The increasing American debt poses a national security threat, US Secretary of State on Wednesday warned, saying it could impact Washington's ability to exercise "global leadership".
"Today more than ever, our ability to exercise global leadership depends on building a strong foundation here at home," Clinton said.
"That's why rising debt and crumbling infrastructure pose very real long-term national security threats," she said in a major foreign policy speech at Council on Foreign Relations, a Washington-based think tank.
She warned the increasing debt poses a national security threat, saying the Obama Administration is focusing on this crucial aspect of the country’s economic policy.
She said US President Barack Obama understands this.
"You can see it in the new economic initiatives that he announced this week and in his relentless focus on turning the economy around," Clinton said.
The rising debt levels poses a national security threat, and it poses a national security threat in two ways, she explained later in response to a question.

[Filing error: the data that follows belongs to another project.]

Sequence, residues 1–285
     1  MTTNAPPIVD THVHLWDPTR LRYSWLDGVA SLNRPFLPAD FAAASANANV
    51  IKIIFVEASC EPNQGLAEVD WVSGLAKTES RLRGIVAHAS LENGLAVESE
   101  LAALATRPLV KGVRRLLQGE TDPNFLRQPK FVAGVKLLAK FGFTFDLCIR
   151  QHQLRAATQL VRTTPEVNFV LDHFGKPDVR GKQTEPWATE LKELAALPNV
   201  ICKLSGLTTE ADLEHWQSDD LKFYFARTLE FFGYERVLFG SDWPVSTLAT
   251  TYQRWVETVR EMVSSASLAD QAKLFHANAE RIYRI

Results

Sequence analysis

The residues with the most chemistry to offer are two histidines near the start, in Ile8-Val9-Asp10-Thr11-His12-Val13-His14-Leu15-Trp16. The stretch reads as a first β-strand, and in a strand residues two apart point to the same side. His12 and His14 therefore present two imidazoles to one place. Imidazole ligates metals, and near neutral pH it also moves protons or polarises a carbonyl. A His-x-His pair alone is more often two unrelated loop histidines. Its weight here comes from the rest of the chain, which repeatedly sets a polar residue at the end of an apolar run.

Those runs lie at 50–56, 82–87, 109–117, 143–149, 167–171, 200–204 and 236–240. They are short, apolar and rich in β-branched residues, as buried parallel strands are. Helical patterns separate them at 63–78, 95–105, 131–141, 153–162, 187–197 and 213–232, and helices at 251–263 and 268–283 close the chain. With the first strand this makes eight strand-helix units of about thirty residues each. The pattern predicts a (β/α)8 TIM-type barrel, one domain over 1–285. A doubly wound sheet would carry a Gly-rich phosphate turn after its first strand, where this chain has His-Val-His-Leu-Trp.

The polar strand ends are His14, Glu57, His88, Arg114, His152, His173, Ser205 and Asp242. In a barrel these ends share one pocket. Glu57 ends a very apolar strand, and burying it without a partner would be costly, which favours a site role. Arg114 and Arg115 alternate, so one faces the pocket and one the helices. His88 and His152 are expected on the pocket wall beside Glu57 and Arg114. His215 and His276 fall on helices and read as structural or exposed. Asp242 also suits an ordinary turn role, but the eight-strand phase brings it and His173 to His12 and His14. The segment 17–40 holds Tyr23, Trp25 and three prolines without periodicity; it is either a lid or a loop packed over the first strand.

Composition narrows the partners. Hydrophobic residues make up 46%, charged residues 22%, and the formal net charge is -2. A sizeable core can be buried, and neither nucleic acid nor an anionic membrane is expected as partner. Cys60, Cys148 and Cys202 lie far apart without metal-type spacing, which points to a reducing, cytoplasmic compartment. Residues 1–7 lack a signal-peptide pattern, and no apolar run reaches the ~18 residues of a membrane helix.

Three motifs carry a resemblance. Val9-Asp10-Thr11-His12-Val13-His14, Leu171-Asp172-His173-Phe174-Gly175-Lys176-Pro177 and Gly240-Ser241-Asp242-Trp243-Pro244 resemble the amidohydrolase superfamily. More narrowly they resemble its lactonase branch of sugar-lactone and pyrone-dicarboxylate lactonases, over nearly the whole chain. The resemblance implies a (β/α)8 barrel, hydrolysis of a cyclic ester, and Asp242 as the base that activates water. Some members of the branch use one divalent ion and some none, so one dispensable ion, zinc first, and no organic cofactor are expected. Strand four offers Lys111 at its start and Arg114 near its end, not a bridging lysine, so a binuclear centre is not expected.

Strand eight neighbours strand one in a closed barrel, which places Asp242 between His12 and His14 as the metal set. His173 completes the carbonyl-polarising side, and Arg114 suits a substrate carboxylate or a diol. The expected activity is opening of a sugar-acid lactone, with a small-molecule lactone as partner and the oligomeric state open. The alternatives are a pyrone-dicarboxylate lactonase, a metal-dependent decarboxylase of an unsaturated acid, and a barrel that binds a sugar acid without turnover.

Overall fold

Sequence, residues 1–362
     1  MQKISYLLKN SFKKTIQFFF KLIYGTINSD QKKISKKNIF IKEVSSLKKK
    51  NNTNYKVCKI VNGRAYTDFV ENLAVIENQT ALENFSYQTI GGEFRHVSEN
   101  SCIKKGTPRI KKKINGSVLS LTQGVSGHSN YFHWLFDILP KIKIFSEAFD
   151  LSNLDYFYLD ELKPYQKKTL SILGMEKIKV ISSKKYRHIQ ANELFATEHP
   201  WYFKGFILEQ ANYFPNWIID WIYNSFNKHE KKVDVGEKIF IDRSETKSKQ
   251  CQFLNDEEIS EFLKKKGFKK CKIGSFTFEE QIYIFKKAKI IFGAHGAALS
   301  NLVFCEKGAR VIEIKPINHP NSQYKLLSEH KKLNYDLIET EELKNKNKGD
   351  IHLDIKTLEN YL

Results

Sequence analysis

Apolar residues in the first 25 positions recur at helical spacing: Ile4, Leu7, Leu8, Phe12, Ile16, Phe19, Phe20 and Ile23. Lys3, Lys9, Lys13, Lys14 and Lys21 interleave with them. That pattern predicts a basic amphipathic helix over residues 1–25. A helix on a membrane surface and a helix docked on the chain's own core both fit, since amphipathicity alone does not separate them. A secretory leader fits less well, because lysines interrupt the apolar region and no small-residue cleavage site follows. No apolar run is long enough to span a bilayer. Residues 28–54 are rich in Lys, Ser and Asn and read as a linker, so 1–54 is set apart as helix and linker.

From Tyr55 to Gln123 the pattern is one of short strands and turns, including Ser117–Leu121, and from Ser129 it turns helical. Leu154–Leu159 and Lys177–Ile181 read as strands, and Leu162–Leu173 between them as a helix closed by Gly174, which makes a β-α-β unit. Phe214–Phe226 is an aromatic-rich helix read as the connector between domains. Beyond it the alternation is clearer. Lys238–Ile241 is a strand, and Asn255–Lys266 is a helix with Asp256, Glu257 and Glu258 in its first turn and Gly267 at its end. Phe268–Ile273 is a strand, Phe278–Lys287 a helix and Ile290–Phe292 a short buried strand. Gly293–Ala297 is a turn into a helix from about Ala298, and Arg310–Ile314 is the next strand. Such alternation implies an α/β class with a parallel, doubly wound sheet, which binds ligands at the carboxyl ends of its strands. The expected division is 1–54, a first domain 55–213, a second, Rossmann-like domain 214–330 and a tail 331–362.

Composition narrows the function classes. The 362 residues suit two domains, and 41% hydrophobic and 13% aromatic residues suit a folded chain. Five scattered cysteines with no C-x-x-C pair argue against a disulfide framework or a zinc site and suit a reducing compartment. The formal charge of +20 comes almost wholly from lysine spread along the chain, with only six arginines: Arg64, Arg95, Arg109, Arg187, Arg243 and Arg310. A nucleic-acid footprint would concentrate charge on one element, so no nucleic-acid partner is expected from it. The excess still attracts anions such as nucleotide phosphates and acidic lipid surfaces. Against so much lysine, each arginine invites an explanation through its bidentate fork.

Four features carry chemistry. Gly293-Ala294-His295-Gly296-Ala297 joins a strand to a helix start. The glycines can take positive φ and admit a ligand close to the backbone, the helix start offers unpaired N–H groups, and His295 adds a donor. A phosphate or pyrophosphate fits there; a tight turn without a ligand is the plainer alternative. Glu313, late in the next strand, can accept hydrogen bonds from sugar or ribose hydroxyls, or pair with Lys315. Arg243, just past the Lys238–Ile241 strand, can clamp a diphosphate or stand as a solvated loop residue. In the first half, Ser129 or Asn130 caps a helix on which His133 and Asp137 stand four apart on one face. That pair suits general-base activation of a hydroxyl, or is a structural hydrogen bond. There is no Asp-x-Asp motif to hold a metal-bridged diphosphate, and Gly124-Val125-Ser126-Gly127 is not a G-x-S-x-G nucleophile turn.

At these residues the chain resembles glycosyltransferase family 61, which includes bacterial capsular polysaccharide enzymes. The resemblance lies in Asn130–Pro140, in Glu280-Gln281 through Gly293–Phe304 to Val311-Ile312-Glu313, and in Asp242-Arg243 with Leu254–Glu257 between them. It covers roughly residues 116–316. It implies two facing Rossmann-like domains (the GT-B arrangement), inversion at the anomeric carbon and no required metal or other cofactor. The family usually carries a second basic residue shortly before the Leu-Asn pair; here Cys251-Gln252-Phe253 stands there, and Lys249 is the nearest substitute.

"It undermines our capacity to act in our own interest, and it does constrain us where constraint may be undesirable. And it also sends a message of weakness internationally," the top diplomat said.
She underlined that it is very troubling that the "we are losing the ability not only to chart our own destiny but to have the leverage that comes from this enormously effective economic engine that has powered American values and interests over so many years".
So the US do not have a choice, she said, adding "It's a question of how we decide to deal with this debt and deficit."
"I mean, we don't need to go back and sort of re-litigate how we got to where we are, but it is fair to say that we fought two wars without paying for them, and we had tax cuts that were not paid for either. And that has been a very deadly combination to fiscal sanity and responsibility," Clinton said.
She said the challenge is "how we get out of it by making the right decisions, not the wrong decisions".
"I mean, there's a lot of wrong things we could do that would further undermine our strength. I mean, it is going to be very difficult for those decisions," the Secretary said.